Flower Bulbs: Best Practice in Storage and Production
Flower bulbs are perennial or annual plants with underground structures such as bulb, corn, tuber, and rhizomes. These plants have economic value especially in ornamental plant sector as cut flower, potted flower, and outdoor plants.
Bulbs bring spectacular colour to gardens across the seasons, but especially in spring. From cheery daffodils to elegant tulips, blowsy gladioli to demure snowdrops, there are bulbs for all styles and growing conditions. A container of miniature bulbs will brighten up even the smallest space, while some dramatic dahlias or cannas will make a big splash in even the grandest of borders. With the big demand for all kinds of flowers nowadays, there is a growing need for commercial flower gardens. Flowers have been used as decoration throughout Europe and Asia for many centuries. What are bulbs and how do the best growers produce and store bulbs?
What are flower bulbs?
‘Bulb’ is a general term that covers four different types of underground food-storage organ:
• True bulbs – these are the traditional type of bulb, usually rounded and pointed at the top, with a flat base from which the roots grow. Examples include daffodils, snowdrops and lilies.
• Corms – these look similar to bulbs, usually with one or two buds on the top, and the roots grow from the base. Examples include crocuses and gladioli.
• Tubers – these are either swollen roots, such as dahlias, or swollen stem bases, such as cyclamen.
• Rhizomes – these are swollen stems that grow horizontally, on or just below the soil surface. Examples include bearded irises, lily-of-the-valley and cannas.
All of these ‘bulbs’ differ in appearance, but essentially have a similar function – to store food when the plant goes dormant, usually after flowering. Thus, good practices in producing and storing bulbs are essential for a healthy plant and great flowers.
Good Practice in Bulb Production
When plants bloom in the Spring the grower will usually remove the flowers – this will prevent disease and encourage growth. Other aspects which good bulb producers will pay attention to include:
• Correct nutrition and fertiliser;
• Removing diseased plants;
• Ensuring flowers are true to type.
Pest and Disease control
Responsible growers will be fully aware of the impact of pesticides on the environment and will only use products approved for use in their country, only when necessary and in accordance with the instructions on the label. Good growers will be aware of the specific diseases and insects which threaten their crop and put in place appropriate crop protection measures. Growers need to carefully monitor their crops for pests and disease issues throughout the growing season.
Good Practice in Storing Flower Bulbs
Proper storage and management of bulbs will ensure that they remain healthy and viable. Most bulbs can be stored for up to a year but tend to perform best when planted within six months of lifting.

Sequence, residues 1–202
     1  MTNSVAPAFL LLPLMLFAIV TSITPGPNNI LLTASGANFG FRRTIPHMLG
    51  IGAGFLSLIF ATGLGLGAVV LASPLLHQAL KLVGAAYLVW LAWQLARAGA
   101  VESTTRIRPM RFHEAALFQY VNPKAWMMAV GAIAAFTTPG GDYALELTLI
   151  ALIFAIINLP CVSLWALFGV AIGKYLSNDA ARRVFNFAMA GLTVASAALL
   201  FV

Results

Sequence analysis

Optimum post-harvest storage can help to:
1. Control (prevent, slow, or accelerate) the flowering process;
2. Assist in controlling certain diseases and insects;
3. Preventing specific physiological disorders.
For each specific species it is important that a grower understands:
1. Precisely when flower initiative occurs;
2. The length of time for floral development from initiation to anthesis;
3. The optimum temperatures to control the flowering process.
4. The sensitivity of the bulb species to ethylene;
5. The ventilation and moisture requirements of the bulb species.
What should be done before storing flower bulbs
It is important to trim off any wilted flowers as soon as they are finished flowering. By trimming off the flowers plant doesn’t use its energy to produce seedpods; instead, this energy goes into making the bulb itself stronger.
The Storage Environment
Storing bulbs in the correct environment is essential – this depends on the bulb type, but storage rooms can be kept in the range of 2 degrees C to 44 degrees C. Varying the temperature can be used to manipulate bulb growth to advance or retard flowering, to increase flower production or control disease. Too low a temperature – e.g. below -5 degrees C can lead to frost damage. When in transport shipping containers must be able to provide the correct temperature ventilation and moisture requirements for the bulbs. Ethylene is a plant growth regulator, and most bulb species are sensitive to levels of 0.1 ppm or higher – exposure can lead to floral abnormalities or lack of flowers altogether. For example, exposing tulips to ethylene can lead to uneven stunted growth, flower bud withering or complete flower bed necrosis.
It can be seen that in producing and shipping quality flower requires care and attention to detail. Morgan Agro’s bulbs and growers are carefully selected, stored, and transported to provide the best possible results for growers by giving their plants a good start. Please contact us to discuss your needs we have a wide range of bulbs and cut flowers available.
Are looking for any flower bulbs?
We can help to get from our partners – some of the biggest worldwide producers for a good price and deliver to any location. Contact us for a quote.